Hakeem Jeffries, big tent Democrat tasked with bringing back the House


When Hakeem Jeffries was growing up in Crown Heights, a working-class neighbourhood in Brooklyn, his congresswoman was Shirley Chisholm, a New York politician who in 1968 became the first black woman elected to the US Congress. In 2012, Jeffries was elected to represent the same area.

This week — on what would have been Chisholm’s birthday — Jeffries made history of his own when he was unanimously elected as House Democratic leader. He becomes the first black person to lead a political party in Congress and the successor to Nancy Pelosi.

Speaking on Capitol Hill, Jeffries invoked the memory of his predecessor. “I stand on the shoulders of people like Shirley Chisholm and so many others as we work to advance the ball for everyday Americans,” he said. “Because that is what Democrats do.”

Pelosi, 82, enthusiastically endorsed him, saying “a new day [was] dawning” and it was time “for a new generation to lead the Democratic caucus”.

On Capitol Hill, Jeffries, 52, has long been seen as a rising star and skilled communicator. But after Democrats narrowly lost control of the House last month, he faces a tough uphill battle to regain the chamber in 2024, and to keep his party united in the face of Republican opposition.

His colleagues nevertheless say the former litigator is up for the job. Chuck Schumer, the Democratic Senate majority leader who is also from Brooklyn, praised Jeffries this week, noting their shared trajectory from modest New York upbringings to the halls of power.

“When you’re from Brooklyn, you learn quickly traits like persistence and serious mettle,” Schumer said. “It’s a crowded place and a diverse place. You learn how to work with all kinds of different people. You learn how to stand your ground. You learn to not take things personally.”

Jeffries was born in 1970, the child of a social worker and a substance abuse counsellor. He attended state schools before studying political science at the State University of New York at Binghamton. In his final year, the acquittal of the police officers who beat Rodney King and the ensuing riots in Los Angeles inspired him to pursue politics.

Adrian Fenty, the former mayor of Washington DC who was roommates with Jeffries in graduate school, described him as having a “quiet intensity”, adding: “There wasn’t much that he wasn’t the best at.”

After law school, Jeffries joined one of New York’s top law firms before becoming an in-house litigator for Viacom and CBS. While there, he worked on a lawsuit stemming from Janet Jackson’s “wardrobe malfunction” in the 2004 Super Bowl halftime show. He married Kennisandra Arciniegas-Jeffries, who works for a major labour union, and they have two sons.

Following two unsuccessful attempts, he was elected to the New York state legislature in 2006. “He was just a very studious, intelligent, and nimble legislator, and he really stood out to be a natural leader,” said Grace Meng, the New York congresswoman who met Jeffries in Albany. In 2012, he made it to Congress, and six years after that, he was chosen to chair the House Democratic caucus, putting him on the fast track to leadership.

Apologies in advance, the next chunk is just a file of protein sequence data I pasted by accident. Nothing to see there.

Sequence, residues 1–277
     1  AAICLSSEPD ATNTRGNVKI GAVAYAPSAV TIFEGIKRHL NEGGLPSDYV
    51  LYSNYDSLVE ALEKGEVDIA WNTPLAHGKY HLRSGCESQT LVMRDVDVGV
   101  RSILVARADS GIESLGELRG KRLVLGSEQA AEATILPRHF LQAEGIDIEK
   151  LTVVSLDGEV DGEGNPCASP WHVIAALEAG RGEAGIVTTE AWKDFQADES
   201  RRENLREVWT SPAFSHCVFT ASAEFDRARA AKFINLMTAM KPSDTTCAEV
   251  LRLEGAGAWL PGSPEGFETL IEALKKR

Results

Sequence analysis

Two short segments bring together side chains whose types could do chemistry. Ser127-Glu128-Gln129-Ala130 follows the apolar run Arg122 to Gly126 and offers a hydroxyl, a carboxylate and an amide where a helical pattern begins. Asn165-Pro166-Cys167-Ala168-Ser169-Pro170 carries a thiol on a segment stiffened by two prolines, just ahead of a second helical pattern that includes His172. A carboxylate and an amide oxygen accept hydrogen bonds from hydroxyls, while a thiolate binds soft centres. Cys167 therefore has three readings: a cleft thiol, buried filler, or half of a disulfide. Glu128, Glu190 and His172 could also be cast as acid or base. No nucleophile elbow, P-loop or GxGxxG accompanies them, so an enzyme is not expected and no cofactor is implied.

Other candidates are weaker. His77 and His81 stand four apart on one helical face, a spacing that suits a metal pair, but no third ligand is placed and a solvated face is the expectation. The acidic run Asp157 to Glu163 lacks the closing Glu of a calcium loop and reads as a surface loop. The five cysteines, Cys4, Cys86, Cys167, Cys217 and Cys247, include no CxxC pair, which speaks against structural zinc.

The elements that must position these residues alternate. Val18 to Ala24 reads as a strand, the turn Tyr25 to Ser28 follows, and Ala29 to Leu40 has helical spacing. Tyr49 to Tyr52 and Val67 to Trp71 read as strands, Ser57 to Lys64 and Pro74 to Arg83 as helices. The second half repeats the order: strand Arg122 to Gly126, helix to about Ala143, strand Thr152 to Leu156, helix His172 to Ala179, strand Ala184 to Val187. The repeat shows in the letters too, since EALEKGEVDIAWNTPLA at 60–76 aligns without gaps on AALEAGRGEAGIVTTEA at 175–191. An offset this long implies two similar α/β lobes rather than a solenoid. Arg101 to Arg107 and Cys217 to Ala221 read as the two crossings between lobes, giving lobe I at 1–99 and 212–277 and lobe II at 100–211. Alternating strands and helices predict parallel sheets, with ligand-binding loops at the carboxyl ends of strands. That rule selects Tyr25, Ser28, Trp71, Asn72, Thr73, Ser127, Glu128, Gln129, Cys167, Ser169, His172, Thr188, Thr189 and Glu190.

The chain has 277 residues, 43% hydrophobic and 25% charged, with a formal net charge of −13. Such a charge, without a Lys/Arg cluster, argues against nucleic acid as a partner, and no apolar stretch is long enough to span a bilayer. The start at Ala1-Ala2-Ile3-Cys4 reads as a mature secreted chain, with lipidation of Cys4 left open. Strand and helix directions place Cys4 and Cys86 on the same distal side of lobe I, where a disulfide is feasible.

Jeffries was thrust into the national spotlight in 2020 when Pelosi named him as one of seven impeachment managers who acted as prosecutors in Donald Trump’s first impeachment trial. During this, he notably invoked another Brooklynite — rapper Notorious B.I.G. “If you don’t know, now you know,” Jeffries responded to a Trump defence attorney asking, “why are we here?”

Colleagues commend Jeffries for his “big tent” approach to uniting an often fractious party, and point out he was unchallenged in his bid for leader as evidence of his collegiality. But he is not without his critics. Alexandria Ocasio-Cortez, the New York congresswoman, reportedly considered supporting a progressive primary challenge against him. Other left-leaning Democrats paint him as part of the establishment, flagging that many of his campaign contributions came from Wall Street.

But Terri Sewell, the Democratic congresswoman from Alabama, called Jeffries a “pragmatic progressive” and said he had a “unique” ability to engage across the ideological spectrum.

“That is, I think, his genius,” Sewell said. “His ability to not only listen but really invite and provide a safe space for all of us to air our concerns or grievances, but at the same time coming out of it with a policy that we can all get behind.” 

With the Democrats in the minority, however, Jeffries will also need to contend with more obstructionist Republican lawmakers who have already vowed to block their priorities and launch a spate of investigations into the Biden administration.

Allies say Jeffries has a record of reaching across the political aisle, pointing to the friendship he forged with former Republican Georgia congressman Doug Collins in order to push through prison sentencing reform legislation. But he has been icier in his approach to Kevin McCarthy, the Republican who is likely to become Speaker of the House.

However, top of Jeffries’ new to do list will not be bipartisanship, but defeating Republicans at the ballot box in 2024. “His challenge is getting to 218,” said Gregory Meeks, the Democratic congressman from New York, referring to the number of House seats required to clinch the majority. “His strengths are what will help lead us that way.”



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